A few weeks ago, I was in the auditorium for a lecture by Jamie Smith (who—shameless self-promotion—guest-edited our spring print issue of Comment) as part of Redeemer Presbyterian Church’s “Gospel & Culture” lecture series. His talk was a distillation of his fine book Desiring the Kingdom, which posits that we need to fundamentally shift our idea of what it is to be human in an Augustinian direction (we are not primarily thinking beings—brains on sticks—but lovers, directed toward those things for which we feel affection, which constitute our view of the good life). Only when we grasp this concept can we begin to understand both the purpose of Christian education and begin to see how the cultural practices or “liturgies” in which we immerse ourselves shape what we love and, therefore, shape us as people. Having the right ideas in our heads only goes so far.
Practices shape belief.
All of which I had heard before, having read the book and spent a lot (ahem) of time editing Comment articles that play on this. But one of the audience members asked during the Q&A period about educating children toward love of God, rather than through the entertainment paradigm the church so easily picks up that implies that we can just add Jesus to the stuff of Saturday morning cartoons and kids will pick up on and learn to love the Jesus stuff.
Which—as a member of a generation brought up in the church on this stuff—I can attest: it doesn’t work that way. And so Jamie said something in his answer that’s stuck with me: good ways of forming children into Christian adults will probably be really boring, and they’ll probably complain about it. (I think this may account for the strong run toward liturgy and tradition in many Christians of my generation, including those who are in what look like strongly non-traditional churches.)
I thought of all this when I read a short piece by two of the New York Times‘ chief film critics, Manohla Dargis and A.O. Scott, entitled “In Defense of the Slow and Boring.” I have been accused of being too fond of slow, boring art film. And while I recognize the pretension that often surrounds those who only admit to watching those sorts of films, there’s something at the core of the criticism that’s always sort of bothered me. I think Scott finally hit on it in his last paragraph:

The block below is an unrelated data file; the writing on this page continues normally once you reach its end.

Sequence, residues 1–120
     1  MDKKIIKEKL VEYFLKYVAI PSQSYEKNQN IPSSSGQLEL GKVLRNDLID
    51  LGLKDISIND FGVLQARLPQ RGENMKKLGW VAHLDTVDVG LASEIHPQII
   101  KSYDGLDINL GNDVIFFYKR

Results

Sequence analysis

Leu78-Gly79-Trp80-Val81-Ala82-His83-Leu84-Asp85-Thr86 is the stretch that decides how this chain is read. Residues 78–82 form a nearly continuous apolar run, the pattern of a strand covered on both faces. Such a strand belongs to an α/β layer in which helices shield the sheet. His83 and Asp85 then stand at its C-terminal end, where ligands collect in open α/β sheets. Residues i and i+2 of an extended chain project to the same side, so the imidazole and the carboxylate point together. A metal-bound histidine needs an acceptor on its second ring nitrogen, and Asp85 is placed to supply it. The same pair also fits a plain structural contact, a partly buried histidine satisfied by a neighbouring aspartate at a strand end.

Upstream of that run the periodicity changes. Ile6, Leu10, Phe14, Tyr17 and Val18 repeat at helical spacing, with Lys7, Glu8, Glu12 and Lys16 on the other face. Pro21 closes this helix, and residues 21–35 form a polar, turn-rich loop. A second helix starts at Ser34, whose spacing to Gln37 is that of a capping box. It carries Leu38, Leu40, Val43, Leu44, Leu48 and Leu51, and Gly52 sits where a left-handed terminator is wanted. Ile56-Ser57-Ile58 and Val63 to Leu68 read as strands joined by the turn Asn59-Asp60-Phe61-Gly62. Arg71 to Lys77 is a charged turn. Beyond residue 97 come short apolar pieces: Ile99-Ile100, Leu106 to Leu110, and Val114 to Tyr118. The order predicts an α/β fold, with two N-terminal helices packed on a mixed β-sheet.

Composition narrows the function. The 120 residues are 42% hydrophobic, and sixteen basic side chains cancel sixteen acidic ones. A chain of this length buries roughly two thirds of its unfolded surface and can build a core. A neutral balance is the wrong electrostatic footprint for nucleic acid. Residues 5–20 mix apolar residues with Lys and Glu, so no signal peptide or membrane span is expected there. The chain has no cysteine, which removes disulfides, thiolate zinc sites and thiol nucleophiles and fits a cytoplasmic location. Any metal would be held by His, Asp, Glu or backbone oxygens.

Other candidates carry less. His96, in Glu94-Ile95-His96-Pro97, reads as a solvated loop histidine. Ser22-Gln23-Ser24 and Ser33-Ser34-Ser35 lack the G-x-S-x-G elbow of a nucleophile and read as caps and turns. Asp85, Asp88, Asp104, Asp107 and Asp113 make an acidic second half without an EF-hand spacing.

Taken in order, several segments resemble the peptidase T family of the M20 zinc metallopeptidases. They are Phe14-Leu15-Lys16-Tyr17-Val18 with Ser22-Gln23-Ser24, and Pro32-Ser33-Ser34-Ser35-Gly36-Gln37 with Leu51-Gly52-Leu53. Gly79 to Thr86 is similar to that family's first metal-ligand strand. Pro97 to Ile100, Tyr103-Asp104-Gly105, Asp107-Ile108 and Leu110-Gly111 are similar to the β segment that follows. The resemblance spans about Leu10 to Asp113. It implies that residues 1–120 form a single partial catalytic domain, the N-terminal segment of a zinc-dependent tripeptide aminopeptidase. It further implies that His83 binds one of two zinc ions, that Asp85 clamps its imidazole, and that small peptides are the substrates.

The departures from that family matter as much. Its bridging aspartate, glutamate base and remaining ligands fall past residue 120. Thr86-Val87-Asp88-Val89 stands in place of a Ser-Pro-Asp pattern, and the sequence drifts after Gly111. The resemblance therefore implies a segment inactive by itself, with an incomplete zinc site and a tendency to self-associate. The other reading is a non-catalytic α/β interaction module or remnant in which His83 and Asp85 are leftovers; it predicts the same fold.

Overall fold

Why is it, though, that “serious” is a bad word in cultural conversations, or at least in discussions of film? Why is thinking about a movie an activity to be avoided, and a movie that seems to require thinking a source of suspicion? It seems unlikely, to say the least, that films like Uncle Boonmee, Meek’s Cutoff, The Tree of Life, or Jean-Luc Godard’s recently and belatedly opened Film Socialisme will threaten the hegemony of the blockbusters, so why is so much energy expended in defending the prerogatives of entertainment from the supposed threat of seriousness? I certainly don’t think fun should be banished from the screen, or that popular entertainment is essentially antithetical to art. And while I derive great pleasure from some movies that might be described as slow or tedious, I also find food for thought in fast, slick, whimsical entertainments. I would like to think there is room in the cinematic diet for various flavors, including some that may seem, on first encounter, unfamiliar or even unpleasant.
I half-wonder, now, if subjecting ourselves willingly to the slow and boring (and by extension, perhaps, subjecting children and young people to them too) helps shape our desires in a meaningful way. It’s easy to distract ourselves with myriad entertainments, and in fact, for many of us, an eighty-minute church service is the only time during the week we force ourselves to sit in a quiet room and participate in something that is not predictably riveting and cannot be fast-forwarded (though many of our churches do their darndest to make sure we don’t even experience boredom then). Could the “slow and boring” film help train us to sit quietly and actually be contemplative?